The UK's gadget addiction has reached giant proportions after it is estimated that Britons have amassed a gadget mountain worth a staggering £74 billion, a figure that is likely to soar after Christmas, according to First Direct.
UK homes now accommodate over 400 million pieces of high tech equipment equating to an average of 16 gadgets in every household. From the ubiquitous MP3 player and the myriad of games consoles constantly being launched on the market, to innovations such as high definition plasma televisions and top of the range home entertainment systems coupled with the vast marketing budgets being plundered to sell the products, Brit's are hording an abundance of gadgets in their homes.
The UK nation spends more money on televisions than any other gadget at a phenomenal £29 billion, whilst £10 billion is spent on computers and laptops.
The reliance on technology now extends far beyond the entertainment arena after the research revealed that over 16 million people claim to regularly use the internet for their banking and a further eight million people regularly shop online.
Furthermore, it is thought that Christmas online spending will increase by 42 per cent year-on-year. Following the Annual Christmas Retail Survey published this month by Deloitte, as Christmas goes electric, Brits are likely to be spending even more this year as the cost of technological products rockets.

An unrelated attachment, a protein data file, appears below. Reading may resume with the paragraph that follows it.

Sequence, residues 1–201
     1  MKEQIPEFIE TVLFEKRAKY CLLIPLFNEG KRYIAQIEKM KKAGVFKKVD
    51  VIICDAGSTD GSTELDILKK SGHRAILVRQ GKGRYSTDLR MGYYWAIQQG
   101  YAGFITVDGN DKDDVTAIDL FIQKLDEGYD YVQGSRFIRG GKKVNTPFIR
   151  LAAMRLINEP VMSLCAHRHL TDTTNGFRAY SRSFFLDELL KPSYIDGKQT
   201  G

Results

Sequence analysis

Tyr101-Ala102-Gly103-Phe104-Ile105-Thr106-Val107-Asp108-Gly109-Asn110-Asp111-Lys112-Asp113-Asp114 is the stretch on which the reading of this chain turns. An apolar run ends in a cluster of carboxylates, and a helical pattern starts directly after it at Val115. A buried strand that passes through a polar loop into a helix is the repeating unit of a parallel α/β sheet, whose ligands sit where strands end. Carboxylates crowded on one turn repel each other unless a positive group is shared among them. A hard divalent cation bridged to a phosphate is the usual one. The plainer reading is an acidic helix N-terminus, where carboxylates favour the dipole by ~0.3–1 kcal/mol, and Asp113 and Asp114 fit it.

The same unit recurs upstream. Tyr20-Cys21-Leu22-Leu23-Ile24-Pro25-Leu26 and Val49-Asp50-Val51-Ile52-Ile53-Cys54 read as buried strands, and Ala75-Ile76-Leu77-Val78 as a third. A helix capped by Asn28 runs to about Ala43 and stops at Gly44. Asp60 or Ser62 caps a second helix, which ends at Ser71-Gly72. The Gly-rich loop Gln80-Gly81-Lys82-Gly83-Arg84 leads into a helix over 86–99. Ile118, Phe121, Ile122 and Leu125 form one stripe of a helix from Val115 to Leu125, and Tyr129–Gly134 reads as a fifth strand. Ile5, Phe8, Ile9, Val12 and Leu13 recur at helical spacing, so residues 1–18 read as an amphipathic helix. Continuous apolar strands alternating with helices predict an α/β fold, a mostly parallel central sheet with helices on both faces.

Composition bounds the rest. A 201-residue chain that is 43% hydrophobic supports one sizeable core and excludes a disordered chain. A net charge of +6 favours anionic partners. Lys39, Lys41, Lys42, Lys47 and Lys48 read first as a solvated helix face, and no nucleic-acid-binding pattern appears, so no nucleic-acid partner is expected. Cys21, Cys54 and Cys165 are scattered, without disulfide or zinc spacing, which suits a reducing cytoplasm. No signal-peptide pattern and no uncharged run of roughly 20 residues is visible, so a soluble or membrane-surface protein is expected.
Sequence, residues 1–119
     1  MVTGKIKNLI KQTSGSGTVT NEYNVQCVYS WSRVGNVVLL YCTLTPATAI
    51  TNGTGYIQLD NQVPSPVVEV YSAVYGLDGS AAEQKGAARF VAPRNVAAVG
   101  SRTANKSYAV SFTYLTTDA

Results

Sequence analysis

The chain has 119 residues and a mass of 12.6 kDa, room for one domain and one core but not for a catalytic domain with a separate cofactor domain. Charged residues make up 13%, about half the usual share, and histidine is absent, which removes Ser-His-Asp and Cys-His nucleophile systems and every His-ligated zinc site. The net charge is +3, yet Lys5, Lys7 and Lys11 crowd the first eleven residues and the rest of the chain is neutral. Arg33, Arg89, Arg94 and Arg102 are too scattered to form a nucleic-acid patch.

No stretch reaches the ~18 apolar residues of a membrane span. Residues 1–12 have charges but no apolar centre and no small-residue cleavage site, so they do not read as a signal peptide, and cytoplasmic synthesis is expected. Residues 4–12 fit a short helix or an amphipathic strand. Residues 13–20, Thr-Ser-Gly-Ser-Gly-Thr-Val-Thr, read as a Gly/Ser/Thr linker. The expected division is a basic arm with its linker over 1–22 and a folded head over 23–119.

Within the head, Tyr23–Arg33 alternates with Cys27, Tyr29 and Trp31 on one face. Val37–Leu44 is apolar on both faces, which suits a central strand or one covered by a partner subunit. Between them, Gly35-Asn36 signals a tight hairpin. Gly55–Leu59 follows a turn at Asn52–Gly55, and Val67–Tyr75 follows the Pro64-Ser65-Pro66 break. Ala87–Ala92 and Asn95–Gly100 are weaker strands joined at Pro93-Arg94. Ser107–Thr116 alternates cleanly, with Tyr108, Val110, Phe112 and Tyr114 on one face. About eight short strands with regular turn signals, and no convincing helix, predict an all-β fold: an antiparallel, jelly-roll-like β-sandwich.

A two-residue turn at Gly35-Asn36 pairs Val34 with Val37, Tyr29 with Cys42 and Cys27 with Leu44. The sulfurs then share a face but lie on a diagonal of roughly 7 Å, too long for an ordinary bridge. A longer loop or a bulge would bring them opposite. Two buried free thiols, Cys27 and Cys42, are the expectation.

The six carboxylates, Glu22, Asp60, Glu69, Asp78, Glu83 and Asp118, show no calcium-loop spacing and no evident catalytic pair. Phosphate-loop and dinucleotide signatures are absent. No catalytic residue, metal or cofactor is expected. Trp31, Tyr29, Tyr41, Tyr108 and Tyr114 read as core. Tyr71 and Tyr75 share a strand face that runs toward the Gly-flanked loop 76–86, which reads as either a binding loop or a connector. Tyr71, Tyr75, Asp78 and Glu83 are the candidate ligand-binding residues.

Tarlok Teji, head of retail at Deloitte, comments: "This year, Christmas will go electric as consumers embrace the digital age. High street players are responding to this growing trend. Our research shows a huge growth in the number of retailers providing online stores this year compared to previous years (51 per cent in 2006, versus 72 per cent in 2007).
"Further evidence of the move towards all things high tech can be seen in the type of goods consumers plan to buy. Video games consoles such as Wii and iPods are leaping up the gift lists. 44 per cent of consumers will buy a computer game for friends or family up from 38 per cent in 2006, and 26 per cent expect to purchase an MP3 player this year up from 20 per cent in 2006.”
However, under a new European Directive on Waste Electrical and Electronic Equipment (WEEE), consumers are going to have to dispose of their old gadgets more carefully. The concern is that many electrical items contain hazardous materials that could leak into the environment.
While most of the burden will fall on local authorities and the producers of the goods, consumers may end up taking back some of the costs through council tax and increased prices on electrical items.
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